Perhaps it's a byproduct of the demographic trend of Haitians moving north of Miami-Dade, but there is a dearth of spaces dedicated to Haitian music in this county. Finding live compas in this town has become as difficult as finding reggae. Heading north is the right idea, though. Marabou, just over the county line, is picking up the slack quite well, thank you. Restaurant by day, at about 10:00 several nights per week it becomes a venue for live music. Notable Haitian performer Sweet Micky plays each Thursday, and Top Vice takes the stage every Friday. Others, like Konpa Kreyol, have jammed on the club's stage as well. Recently, when armed violence was shaking the island nation, Marabou was a haven for musicians who couldn't (or didn't want to) return home for Carnaval. And this place also serves excellent lambi (conch) and griot (pork stew). Weekend nights have been a mix of DJs spinning a mix of Caribbean sounds. The club usually stays open until 4:00 a.m.

Redland Tavern
More country than rock, Redlands Tavern sports a totally relaxed atmosphere and abundant "Bikers Welcome" signage. Dread not ye Toyota drivers, the earthy elbow benders here are of the cowboy hats and "howdy ma'am" school rather than the tattoo-painted, swastika-emblazoned, leather-jacket gang. Nonetheless you'll see motorcycles parked next to the hitching post labeled "horse parking." (On the subject of tradition: The South Dade area is officially known as the Redland, but anyone who grew up in Miami, or even lived here a decade or two, calls it the Redlands.) Inside you'll find the mandatory pool tables, decent bar food, and a rare emphasis on the "South" in "South Florida." If you're looking for some brawlin', look elsewhere. But if you're looking for a place that welcomes everybody, whether they run a chopper or ride a horse, or even drive a sedan, Redlands Tavern will provide you a mess of drinking buddies.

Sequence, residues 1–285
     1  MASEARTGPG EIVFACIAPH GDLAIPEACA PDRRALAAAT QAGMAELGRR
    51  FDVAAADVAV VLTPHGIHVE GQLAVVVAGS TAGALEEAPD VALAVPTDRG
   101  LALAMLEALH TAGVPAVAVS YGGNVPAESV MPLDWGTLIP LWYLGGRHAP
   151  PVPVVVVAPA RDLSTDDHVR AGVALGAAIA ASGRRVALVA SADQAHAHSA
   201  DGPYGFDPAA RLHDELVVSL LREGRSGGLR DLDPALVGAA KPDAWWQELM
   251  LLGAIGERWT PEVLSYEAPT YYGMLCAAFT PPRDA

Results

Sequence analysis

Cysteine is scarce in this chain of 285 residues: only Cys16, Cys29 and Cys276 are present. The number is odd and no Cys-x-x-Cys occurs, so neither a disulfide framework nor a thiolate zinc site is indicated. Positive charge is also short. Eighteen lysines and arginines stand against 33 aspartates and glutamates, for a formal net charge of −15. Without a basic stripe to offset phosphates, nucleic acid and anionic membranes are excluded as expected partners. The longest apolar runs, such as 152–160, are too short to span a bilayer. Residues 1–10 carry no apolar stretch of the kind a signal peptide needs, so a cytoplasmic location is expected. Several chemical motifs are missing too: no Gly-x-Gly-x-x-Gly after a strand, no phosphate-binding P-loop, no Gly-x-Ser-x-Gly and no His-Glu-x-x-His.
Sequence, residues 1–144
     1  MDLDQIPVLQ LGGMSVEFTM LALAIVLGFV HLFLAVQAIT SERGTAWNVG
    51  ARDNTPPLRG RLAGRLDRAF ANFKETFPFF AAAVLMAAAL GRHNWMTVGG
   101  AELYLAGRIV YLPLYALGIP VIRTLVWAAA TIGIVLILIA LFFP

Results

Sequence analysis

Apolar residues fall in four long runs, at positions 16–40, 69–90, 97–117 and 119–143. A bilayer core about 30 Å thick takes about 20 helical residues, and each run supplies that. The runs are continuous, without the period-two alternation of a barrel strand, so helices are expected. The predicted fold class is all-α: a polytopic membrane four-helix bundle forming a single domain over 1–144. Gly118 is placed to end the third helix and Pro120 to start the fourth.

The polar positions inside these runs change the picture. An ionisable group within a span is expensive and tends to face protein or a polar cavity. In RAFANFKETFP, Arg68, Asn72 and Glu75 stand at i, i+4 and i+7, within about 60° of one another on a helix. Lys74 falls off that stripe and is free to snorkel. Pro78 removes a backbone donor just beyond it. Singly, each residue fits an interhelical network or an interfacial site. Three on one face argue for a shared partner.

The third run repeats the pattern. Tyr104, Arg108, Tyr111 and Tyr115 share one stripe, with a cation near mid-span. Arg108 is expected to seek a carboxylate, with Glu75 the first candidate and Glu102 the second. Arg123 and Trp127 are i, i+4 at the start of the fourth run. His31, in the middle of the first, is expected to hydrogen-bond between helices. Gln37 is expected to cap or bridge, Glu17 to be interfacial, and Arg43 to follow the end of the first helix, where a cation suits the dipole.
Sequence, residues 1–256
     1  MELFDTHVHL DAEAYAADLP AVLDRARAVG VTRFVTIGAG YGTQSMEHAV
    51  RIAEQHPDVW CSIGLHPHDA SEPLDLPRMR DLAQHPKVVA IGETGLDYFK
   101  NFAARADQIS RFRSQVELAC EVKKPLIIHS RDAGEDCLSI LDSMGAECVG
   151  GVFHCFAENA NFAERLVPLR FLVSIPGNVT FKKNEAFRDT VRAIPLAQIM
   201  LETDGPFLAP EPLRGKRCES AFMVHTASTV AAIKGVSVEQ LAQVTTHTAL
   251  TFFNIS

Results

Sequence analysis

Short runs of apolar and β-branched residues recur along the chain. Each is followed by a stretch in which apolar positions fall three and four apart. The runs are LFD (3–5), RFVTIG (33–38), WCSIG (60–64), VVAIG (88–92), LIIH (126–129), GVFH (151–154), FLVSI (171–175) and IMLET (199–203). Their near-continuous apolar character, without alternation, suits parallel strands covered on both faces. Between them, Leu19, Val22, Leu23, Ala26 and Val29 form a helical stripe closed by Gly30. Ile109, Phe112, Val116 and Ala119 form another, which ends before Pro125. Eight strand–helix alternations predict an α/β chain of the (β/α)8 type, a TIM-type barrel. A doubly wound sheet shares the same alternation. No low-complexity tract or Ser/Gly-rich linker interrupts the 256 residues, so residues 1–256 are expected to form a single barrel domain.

More country than rock, Redlands Tavern sports a totally relaxed atmosphere and abundant "Bikers Welcome" signage. Dread not ye Toyota drivers, the earthy elbow benders here are of the cowboy hats and "howdy ma'am" school rather than the tattoo-painted, swastika-emblazoned, leather-jacket gang. Nonetheless you'll see motorcycles parked next to the hitching post labeled "horse parking." (On the subject of tradition: The South Dade area is officially known as the Redland, but anyone who grew up in Miami, or even lived here a decade or two, calls it the Redlands.) Inside you'll find the mandatory pool tables, decent bar food, and a rare emphasis on the "South" in "South Florida." If you're looking for some brawlin', look elsewhere. But if you're looking for a place that welcomes everybody, whether they run a chopper or ride a horse, or even drive a sedan, Redlands Tavern will provide you a mess of drinking buddies.

Only God knows how this little shithole manages to stay in business. It is truly beyond human cognition. The entrance is an unmarked door hidden between a liquor store and a pawnshop. Misty Blue -- if that is its real name -- has been the target of drug busts and late-night debauchery for years. It's dirty in more ways than one. And if you're drinking here, you most likely have succumbed to the trials and denials that beat down the average person just trying to live a decent life. Down and out, maybe for the count, you might find some poor, sauced-out drunkard standing outside panhandling for money to cop dope. Or are you looking in a mirror? The cops -- hmmm, maybe that's why it's so hard to find the phone number for this dive. Be on the lookout for the countless number of panties that drape over the fat, slovenly bartender even as you glance around for potentially dangerous barflies. As for the panties, be warned of a Blue tradition: Every woman must give up her panties the first time she orders something from the bar. Yeah, hot babes are lined up four deep. Panties uncovered as a cover: Now that's classy.

Best Of Miami®

Best Of Miami®